FOR IMMEDIATE RELEASE: The Council’s Barnet Future Library Service Proposal- Bad for Libraries, Bad for Barnet

Barnet UNISON Press Release: 17 March 2016 

 

FOR IMMEDIATE RELEASE: The Council’s Barnet Future Library Service Proposal- Bad for Libraries, Bad for Barnet

 

  • The Council’s proposal, if implemented, will result in Barnet Libraries offering a reduced service.

 

  • Library posts will be cut by 46%, a loss of 52 full time equivalent posts.

 

  • Staffed hours will be reduced by 70% (despite overwhelming opposition to this from respondents to the Council’s Library consultations).

 

  • Unaccompanied under 15 year olds will not be able to use libraries for most of their opening hours.

 

  • Library space to be reduced, thus cutting study space and book stock.

 

  • Four libraries to be run by “community groups”.

Barnet Council has a statutory duty to provide a “comprehensive and efficient service”. This legal obligation will not be met in future because, as in the Council’s own words,

“The reduction in staffed opening hours will mean less support available in

the library to get advice, information and to utilise the resources in the

library. This will have the biggest impact on those who may require support

to make best use of services at static library sites or are less able, or

confident at using libraries without library staff support

(Barnet Future Library Service 5.9.10)

The proposal is based on an over-reliance on technology enabling unstaffed opening hours. This is despite the current and unparalleled failure of the Library Management System, although a contingency plan for a similar occurrence in the future is promised in the as yet unpublished Appendix L of the proposal.

However in the face of questions regarding the safety of unstaffed libraries the Council has modified its original intentions and wants to employ security guards at libraries at a cost of £785,000 a year. This is money that could be better spent by retaining library workers.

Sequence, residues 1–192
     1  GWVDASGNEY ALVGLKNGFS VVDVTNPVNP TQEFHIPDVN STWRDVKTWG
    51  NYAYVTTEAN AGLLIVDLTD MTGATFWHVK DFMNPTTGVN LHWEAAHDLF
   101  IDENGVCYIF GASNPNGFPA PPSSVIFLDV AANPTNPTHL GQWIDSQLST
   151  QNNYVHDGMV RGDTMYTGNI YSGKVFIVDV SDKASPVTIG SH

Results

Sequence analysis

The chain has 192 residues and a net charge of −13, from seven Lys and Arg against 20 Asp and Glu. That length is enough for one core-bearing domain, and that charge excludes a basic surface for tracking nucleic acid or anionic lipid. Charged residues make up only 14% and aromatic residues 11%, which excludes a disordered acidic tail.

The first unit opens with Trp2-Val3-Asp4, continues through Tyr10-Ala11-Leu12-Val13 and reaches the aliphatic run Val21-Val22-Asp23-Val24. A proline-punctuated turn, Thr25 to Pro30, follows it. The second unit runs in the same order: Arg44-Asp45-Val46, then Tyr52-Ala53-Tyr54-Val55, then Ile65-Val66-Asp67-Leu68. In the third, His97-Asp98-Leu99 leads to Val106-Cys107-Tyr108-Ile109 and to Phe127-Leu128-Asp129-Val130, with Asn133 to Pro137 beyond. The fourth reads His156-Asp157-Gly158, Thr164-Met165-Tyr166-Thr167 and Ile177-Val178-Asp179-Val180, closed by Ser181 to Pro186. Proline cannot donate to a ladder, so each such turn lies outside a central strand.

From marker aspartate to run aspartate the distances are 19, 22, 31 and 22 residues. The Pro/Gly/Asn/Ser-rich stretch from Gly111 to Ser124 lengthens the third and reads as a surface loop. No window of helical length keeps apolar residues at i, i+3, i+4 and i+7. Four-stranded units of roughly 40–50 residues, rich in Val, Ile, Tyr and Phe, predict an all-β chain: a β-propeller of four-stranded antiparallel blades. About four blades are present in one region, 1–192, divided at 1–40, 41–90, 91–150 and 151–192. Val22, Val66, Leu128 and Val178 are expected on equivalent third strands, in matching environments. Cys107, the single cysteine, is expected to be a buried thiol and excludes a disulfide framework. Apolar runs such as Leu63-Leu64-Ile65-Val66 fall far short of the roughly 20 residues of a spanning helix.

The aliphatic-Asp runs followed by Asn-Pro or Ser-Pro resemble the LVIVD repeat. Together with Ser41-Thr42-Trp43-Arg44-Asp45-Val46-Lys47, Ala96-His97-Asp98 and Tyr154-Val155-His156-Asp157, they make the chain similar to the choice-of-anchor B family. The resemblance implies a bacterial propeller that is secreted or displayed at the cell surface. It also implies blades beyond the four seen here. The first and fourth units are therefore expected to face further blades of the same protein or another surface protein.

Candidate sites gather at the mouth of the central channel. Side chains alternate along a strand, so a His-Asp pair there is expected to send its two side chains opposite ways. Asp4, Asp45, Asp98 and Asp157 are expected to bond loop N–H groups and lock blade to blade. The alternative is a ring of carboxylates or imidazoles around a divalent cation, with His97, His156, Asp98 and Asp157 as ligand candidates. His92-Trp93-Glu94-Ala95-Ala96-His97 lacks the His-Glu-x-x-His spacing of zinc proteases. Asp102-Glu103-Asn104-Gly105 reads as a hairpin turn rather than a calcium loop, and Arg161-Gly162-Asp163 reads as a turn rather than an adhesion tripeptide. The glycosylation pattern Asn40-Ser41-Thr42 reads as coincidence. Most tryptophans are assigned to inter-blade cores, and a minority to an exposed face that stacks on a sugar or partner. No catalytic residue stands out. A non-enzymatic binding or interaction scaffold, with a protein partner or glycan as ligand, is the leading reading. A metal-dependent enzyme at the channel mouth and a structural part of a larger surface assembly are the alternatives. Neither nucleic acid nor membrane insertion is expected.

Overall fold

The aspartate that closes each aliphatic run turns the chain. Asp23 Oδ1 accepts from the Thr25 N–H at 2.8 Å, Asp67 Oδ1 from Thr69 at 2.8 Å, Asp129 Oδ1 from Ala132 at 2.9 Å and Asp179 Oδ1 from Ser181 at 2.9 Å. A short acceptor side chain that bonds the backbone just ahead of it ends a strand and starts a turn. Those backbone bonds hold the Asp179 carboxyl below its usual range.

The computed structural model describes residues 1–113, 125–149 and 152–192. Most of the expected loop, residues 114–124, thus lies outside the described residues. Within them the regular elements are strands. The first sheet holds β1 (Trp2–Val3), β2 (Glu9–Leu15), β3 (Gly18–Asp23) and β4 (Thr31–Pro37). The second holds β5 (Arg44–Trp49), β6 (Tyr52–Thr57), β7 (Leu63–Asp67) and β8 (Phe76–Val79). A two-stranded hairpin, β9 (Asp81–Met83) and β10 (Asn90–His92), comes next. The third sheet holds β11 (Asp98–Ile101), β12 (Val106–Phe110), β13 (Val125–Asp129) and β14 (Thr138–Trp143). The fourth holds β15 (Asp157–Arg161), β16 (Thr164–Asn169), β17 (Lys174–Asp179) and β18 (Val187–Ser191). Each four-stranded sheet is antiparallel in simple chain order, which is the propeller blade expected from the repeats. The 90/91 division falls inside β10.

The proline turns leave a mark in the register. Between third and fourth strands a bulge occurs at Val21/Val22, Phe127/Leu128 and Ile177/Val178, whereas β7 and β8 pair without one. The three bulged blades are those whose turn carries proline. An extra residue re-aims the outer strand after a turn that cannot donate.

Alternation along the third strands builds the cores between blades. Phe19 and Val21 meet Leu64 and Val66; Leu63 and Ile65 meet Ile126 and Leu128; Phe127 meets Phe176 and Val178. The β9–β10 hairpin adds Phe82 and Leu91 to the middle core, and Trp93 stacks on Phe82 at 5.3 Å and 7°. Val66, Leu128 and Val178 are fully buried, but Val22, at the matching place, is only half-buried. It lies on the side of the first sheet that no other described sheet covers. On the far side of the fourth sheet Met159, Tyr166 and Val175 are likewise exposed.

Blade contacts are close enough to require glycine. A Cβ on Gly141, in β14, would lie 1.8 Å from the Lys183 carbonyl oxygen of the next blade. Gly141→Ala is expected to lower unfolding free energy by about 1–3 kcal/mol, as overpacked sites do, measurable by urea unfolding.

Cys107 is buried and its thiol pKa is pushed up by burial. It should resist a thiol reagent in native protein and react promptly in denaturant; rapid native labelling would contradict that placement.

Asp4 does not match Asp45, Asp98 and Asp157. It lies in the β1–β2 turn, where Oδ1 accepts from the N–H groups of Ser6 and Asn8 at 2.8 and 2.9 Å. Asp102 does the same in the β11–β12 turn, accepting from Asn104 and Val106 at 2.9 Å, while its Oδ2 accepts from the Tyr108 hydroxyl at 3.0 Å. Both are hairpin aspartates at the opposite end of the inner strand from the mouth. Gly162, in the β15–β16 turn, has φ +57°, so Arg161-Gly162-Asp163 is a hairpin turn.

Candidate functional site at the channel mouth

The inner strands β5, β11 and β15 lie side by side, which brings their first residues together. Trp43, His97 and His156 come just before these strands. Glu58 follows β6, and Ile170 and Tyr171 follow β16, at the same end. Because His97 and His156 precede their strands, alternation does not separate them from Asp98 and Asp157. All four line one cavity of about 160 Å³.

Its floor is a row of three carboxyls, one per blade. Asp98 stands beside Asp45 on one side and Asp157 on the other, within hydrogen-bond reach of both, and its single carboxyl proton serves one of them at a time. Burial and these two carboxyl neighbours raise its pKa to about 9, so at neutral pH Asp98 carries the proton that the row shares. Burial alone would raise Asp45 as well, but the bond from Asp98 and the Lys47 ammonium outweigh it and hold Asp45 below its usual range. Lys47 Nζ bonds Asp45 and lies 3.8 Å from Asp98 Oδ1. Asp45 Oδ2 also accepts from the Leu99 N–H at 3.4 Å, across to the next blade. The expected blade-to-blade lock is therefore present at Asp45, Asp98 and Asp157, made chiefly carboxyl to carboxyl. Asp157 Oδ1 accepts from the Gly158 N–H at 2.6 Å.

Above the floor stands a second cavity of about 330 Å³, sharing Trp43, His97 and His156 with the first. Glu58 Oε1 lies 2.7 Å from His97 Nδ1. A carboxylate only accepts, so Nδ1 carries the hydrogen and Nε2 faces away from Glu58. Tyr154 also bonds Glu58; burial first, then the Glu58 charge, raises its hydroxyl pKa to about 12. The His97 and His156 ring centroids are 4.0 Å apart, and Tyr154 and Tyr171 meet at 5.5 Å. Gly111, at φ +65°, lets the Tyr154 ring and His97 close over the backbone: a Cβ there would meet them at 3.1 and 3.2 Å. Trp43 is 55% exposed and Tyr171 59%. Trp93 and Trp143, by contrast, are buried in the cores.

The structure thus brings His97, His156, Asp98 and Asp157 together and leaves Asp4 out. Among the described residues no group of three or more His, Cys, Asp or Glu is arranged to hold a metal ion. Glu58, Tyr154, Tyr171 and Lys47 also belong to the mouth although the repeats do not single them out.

The Council’s scheme also places great emphasis on gaining income from renting out library space for commercial use, without providing any real evidence that there is demand. One of the few tangible instances of  an income generating idea in the proposal is the introduction of fines for  overdue children’s books at the same time as under 15 year old’s access to libraries is being reduced.

The Council’s proposal is a blueprint for the destruction of our libraries. It fails to recognise the range of services that a modern library should provide. It reduces accessibility, stock, space and the availability of the expertise and skills of library staff. It will make our libraries less desirable places to visit, which will see a decline in use. This will be used by the Council to close libraries in the future.

Barnet UNISON calls for the proposal to be rejected. Our Borough needs real libraries and real library professionals and para-professionals. Their absence will see Barnet pay a heavy price in the coming years as literacy levels fall, accessibility to information is reduced, and social mobility is further curtailed.

 

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